The Black Kids by Christina Hammonds Reed

Title: The Black Kids
Author: Christina Hammonds Reed
Published: Published August 4th 2020 by Simon & Schuster Books for Young Readers

Los Angeles, 1992

Ashley Bennett and her friends are living the charmed life. It’s the end of senior year and they’re spending more time at the beach than in the classroom. They can already feel the sunny days and endless possibilities of summer.

Everything changes one afternoon in April, when four LAPD officers are acquitted after beating a black man named Rodney King half to death. Suddenly, Ashley’s not just one of the girls. She’s one of the black kids.

As violent protests engulf LA and the city burns, Ashley tries to continue on as if life were normal. Even as her self-destructive sister gets dangerously involved in the riots. Even as the model black family fa├žade her wealthy and prominent parents have built starts to crumble. Even as her best friends help spread a rumor that could completely derail the future of her classmate and fellow black kid, LaShawn Johnson.

With her world splintering around her, Ashley, along with the rest of LA, is left to question who is the us? And who is the them?
The Black Kids is a great coming of age story that really captures teenage life in the 90s. It’s impactful with its perspectives during the 1992 Rodney King trial.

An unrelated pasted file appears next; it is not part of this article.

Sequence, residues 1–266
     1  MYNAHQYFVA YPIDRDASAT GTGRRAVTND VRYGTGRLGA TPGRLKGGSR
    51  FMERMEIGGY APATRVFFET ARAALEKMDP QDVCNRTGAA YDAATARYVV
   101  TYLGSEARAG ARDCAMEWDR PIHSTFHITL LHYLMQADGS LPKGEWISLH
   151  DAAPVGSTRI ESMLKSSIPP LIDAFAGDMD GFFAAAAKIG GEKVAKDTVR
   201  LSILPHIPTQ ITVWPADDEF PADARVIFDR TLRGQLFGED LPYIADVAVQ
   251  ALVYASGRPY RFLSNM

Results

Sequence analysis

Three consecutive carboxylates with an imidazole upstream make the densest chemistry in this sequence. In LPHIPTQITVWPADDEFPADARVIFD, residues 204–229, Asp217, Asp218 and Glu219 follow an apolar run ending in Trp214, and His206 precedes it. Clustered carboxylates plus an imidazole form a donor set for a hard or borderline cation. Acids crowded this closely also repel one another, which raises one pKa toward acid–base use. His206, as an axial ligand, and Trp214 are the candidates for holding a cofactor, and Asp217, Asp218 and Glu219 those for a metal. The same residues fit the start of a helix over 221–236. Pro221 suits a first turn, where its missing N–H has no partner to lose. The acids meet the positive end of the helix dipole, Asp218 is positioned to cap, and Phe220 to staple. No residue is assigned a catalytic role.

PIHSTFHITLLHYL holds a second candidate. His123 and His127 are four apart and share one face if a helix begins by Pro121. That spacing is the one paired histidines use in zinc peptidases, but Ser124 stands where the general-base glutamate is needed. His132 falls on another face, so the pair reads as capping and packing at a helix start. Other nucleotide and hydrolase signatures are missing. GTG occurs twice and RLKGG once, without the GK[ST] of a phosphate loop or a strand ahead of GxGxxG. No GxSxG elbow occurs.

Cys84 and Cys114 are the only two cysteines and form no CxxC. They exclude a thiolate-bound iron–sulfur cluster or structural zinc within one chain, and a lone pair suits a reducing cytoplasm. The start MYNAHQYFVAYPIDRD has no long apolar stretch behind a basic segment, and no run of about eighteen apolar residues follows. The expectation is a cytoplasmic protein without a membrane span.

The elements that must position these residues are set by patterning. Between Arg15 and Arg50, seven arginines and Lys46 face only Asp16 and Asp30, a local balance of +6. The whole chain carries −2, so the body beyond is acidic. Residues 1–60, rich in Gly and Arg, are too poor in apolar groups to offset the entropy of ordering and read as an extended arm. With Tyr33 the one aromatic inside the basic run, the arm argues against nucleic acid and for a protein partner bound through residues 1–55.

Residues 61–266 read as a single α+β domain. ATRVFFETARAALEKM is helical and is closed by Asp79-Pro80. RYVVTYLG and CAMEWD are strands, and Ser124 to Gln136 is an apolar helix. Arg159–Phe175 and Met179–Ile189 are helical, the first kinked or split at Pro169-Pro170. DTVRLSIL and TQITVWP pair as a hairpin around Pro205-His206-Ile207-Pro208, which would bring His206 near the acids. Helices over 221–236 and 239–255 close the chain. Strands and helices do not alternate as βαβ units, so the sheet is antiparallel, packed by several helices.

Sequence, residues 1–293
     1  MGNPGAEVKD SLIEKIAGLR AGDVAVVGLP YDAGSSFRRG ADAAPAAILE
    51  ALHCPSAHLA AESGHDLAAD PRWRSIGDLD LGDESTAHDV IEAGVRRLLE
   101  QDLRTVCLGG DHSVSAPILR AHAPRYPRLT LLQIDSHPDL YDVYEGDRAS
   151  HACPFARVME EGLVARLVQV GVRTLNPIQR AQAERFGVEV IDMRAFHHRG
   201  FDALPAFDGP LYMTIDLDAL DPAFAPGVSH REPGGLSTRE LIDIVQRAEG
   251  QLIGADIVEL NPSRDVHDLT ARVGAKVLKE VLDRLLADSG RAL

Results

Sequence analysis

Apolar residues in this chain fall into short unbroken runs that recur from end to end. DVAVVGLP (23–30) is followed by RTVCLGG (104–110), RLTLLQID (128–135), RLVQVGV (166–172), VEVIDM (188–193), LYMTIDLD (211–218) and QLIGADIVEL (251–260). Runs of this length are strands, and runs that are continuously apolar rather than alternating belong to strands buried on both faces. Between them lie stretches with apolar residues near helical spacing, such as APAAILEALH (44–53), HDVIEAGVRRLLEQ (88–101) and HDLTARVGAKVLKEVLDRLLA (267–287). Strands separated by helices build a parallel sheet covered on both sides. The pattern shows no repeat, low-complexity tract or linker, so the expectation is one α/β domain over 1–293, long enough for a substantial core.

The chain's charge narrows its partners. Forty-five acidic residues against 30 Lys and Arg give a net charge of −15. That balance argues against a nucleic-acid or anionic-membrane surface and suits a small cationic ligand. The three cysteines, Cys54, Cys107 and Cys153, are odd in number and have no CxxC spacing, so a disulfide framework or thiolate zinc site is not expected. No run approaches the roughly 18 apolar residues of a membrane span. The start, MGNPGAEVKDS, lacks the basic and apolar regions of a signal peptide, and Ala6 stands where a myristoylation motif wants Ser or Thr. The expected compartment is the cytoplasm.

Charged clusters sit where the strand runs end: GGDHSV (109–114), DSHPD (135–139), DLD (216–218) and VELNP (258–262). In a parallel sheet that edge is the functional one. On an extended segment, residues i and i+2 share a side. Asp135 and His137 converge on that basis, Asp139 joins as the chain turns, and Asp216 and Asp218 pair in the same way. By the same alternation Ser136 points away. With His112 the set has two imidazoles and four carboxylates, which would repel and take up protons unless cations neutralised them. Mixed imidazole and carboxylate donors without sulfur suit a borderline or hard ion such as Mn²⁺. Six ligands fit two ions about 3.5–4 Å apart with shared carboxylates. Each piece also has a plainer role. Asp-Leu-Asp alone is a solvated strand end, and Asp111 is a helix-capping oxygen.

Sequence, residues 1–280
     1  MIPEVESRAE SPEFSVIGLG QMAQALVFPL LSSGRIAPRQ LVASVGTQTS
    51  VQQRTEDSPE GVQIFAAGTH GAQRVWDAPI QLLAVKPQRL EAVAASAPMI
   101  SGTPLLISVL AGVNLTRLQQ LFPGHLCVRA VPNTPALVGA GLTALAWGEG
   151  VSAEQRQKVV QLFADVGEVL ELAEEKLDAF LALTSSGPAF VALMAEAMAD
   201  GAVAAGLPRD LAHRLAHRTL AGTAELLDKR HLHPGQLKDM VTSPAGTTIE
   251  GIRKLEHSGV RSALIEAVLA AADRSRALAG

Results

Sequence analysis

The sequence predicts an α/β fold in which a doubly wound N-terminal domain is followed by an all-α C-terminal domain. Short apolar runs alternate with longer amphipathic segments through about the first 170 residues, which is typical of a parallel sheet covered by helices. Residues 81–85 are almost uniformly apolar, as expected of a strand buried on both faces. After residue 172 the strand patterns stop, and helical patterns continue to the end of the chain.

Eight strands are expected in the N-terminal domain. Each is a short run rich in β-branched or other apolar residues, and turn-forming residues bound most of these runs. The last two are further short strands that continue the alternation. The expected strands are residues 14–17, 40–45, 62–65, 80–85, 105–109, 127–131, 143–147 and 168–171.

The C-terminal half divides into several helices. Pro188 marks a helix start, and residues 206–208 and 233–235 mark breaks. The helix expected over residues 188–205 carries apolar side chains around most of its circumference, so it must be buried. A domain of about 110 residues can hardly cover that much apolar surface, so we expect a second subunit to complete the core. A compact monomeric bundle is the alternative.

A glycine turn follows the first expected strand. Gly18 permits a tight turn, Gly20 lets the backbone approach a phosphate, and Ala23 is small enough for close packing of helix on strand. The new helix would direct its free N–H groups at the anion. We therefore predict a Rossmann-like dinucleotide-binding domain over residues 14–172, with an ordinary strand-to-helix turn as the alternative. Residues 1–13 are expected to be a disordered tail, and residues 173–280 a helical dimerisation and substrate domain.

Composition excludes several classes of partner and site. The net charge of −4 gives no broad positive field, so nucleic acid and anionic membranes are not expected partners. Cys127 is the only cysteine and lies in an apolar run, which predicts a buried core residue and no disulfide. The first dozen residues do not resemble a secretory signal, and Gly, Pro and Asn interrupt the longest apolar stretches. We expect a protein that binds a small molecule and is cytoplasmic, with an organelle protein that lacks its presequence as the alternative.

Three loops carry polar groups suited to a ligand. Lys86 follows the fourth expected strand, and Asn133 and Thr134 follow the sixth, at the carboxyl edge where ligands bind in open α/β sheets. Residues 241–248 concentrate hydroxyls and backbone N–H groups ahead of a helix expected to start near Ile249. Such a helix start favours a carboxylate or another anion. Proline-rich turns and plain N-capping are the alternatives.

This story revolves around Ashely and it’s really about her final months as a senior in high school. She’s just trying to make it through when the Rodney King trial and verdict comes down. She starts to take a different look at her life, at her friends and where she feels like she belongs. Her growth and understanding are really the center of the book. I loved Ashely because she felt like a real teenager to me. That some of her experiences, like the friends drifting apart and even the boy debacle reminded me of High School. Her mistakes don’t make her.

There are so many things in this story that reminded me of high school. There are things that happen like cheating, which I know some people do not like that in books. I know that’s a part of life, it happened to me in High School. Should it happen, of course not. Lots of things shouldn’t happen but I would hope that would not steer you from the book because that’s not the most important message here.

I really liked how there are so many different perspectives. We have Ashely who attends a predominantly white private school and her friends are also all white. There are other black students. Her sister Jo is older and believes in fighting for your rights. She also mentions communism a lot. There is Ashley’s Uncle and Cousin who live in her father’s old neighborhood. Trying to protect their family store from rioters. LaShawn is a scholarship student and star athlete. We get to see what the 1992 LA riots mean to each of this characters and I think it’s so good to read about.

The book is well written and interesting. This is one to pick up.